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The Culture of Integration
Business process fusion will drive stronger alignment of IT with core business processes, and provide linkage of operational and management processes with a true end-to-end scope.
Posted Dec 1, 2003
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Rather than depend on integration tools or vendors to get the job done, Gartner insists that companies must leverage technology, as well as corporate culture to see the benefits of business process fusion, which melds previously autonomous business process into a more efficient, inclusive, end-to-end operation. Gartner has been touting business process fusion as the latest trend effecting business applications, software infrastructure, and their roles in supporting business processes. It will drive stronger alignment of IT with core business processes, and provide linkage of operational and management processes with a true end-to-end scope, Garter says. Business process fusion is not just another IT integration project. The objective is to integrate business processes to create value, regardless of how, or even whether, the underlying technology is integrated. "The movement toward business process fusion is not just a matter of vendors extending their application products," Simon Hayward, vice president and research fellow at Gartner, writes in a recent report. "Business process fusion takes business applications vendors into a new field of competition, the application platform. This field brings new challenges, such as competitors that traditionally have delivered components of this technology platform, such as Tibco Software and Vitria Technology, as well as competitors with comprehensive platform offerings, such as BEA Systems and IBM." According to Hayward, enterprises must make strategic decisions regarding how far to consolidate IT purchases with a single vendor, as opposed to maintaining vendor independence between application categories, and between applications and infrastructure. They also need to view the extended enterprise as a network of interdependent business processes, rather than a collection of independent functions. This is a major cultural challenge, more than a technology problem. The technology platform for fusion applications will combine the infrastructure of application servers and integration brokers with portal, content management, and collaboration support technology. Gartner analysts identified three key capabilities required from IT systems to achieve business process fusion: systems integration achieves the requisite scope for end-to-end processes; application mutability provides flexibility to accommodate process changes; information unification supports all types of decision-making within a single framework.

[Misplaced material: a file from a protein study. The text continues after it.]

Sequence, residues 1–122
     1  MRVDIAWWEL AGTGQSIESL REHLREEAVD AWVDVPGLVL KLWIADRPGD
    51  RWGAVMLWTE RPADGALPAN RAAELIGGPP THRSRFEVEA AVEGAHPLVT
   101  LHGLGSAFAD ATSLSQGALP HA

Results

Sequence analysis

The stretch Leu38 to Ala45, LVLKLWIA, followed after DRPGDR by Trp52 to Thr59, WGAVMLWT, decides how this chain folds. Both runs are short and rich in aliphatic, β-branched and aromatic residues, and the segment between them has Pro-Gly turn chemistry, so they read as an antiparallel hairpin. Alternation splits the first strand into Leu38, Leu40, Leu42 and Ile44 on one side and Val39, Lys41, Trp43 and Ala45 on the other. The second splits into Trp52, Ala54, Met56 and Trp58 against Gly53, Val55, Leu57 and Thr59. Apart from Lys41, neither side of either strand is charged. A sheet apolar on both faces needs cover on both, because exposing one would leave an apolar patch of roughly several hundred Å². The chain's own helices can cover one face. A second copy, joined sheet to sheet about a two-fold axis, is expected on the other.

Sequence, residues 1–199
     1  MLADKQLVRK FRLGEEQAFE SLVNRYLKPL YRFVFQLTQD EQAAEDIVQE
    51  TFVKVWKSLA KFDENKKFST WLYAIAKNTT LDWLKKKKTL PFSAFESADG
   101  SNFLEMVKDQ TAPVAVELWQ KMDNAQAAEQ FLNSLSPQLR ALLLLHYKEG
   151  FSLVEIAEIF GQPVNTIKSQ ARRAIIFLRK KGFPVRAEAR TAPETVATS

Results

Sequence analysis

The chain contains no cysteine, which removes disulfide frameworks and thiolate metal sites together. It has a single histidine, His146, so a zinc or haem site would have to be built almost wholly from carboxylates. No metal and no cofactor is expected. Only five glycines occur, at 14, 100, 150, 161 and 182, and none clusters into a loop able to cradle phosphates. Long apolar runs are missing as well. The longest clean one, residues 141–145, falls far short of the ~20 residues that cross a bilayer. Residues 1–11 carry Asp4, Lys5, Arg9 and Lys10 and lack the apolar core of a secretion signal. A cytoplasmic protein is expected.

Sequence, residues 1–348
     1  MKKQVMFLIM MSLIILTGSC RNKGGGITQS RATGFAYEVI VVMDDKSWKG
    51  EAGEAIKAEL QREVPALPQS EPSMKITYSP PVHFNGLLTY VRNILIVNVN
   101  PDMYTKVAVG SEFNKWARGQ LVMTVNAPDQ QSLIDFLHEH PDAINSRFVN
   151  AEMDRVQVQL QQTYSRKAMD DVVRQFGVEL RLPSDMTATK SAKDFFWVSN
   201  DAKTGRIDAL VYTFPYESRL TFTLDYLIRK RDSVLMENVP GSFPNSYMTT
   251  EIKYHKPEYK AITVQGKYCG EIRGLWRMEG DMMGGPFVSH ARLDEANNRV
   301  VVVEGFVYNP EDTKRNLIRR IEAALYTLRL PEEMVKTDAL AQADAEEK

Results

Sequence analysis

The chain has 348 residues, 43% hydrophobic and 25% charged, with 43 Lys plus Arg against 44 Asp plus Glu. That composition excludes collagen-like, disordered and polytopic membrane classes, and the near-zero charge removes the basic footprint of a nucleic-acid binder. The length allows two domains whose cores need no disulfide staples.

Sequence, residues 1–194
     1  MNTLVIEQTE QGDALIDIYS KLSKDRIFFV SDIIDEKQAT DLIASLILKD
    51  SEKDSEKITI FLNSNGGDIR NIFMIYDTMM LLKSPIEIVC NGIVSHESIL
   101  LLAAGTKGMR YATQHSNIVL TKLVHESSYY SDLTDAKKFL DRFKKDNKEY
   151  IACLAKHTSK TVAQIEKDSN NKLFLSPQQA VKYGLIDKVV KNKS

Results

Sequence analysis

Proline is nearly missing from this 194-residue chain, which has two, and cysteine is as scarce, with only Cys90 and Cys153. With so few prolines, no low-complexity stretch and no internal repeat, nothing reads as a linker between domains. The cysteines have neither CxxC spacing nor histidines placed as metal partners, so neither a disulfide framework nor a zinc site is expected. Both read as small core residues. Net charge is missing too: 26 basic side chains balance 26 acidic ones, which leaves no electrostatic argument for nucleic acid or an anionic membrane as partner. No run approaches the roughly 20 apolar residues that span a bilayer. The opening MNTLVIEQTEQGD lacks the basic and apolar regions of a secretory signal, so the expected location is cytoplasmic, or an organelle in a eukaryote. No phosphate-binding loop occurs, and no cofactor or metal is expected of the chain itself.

Although application vendors that have a vision for fusion, including SAP, PeopleSoft, and Oracle, now provide the basic technology components required, most components are relatively immature and primarily are optimized only for each vendor's own application environment, Hayward notes.
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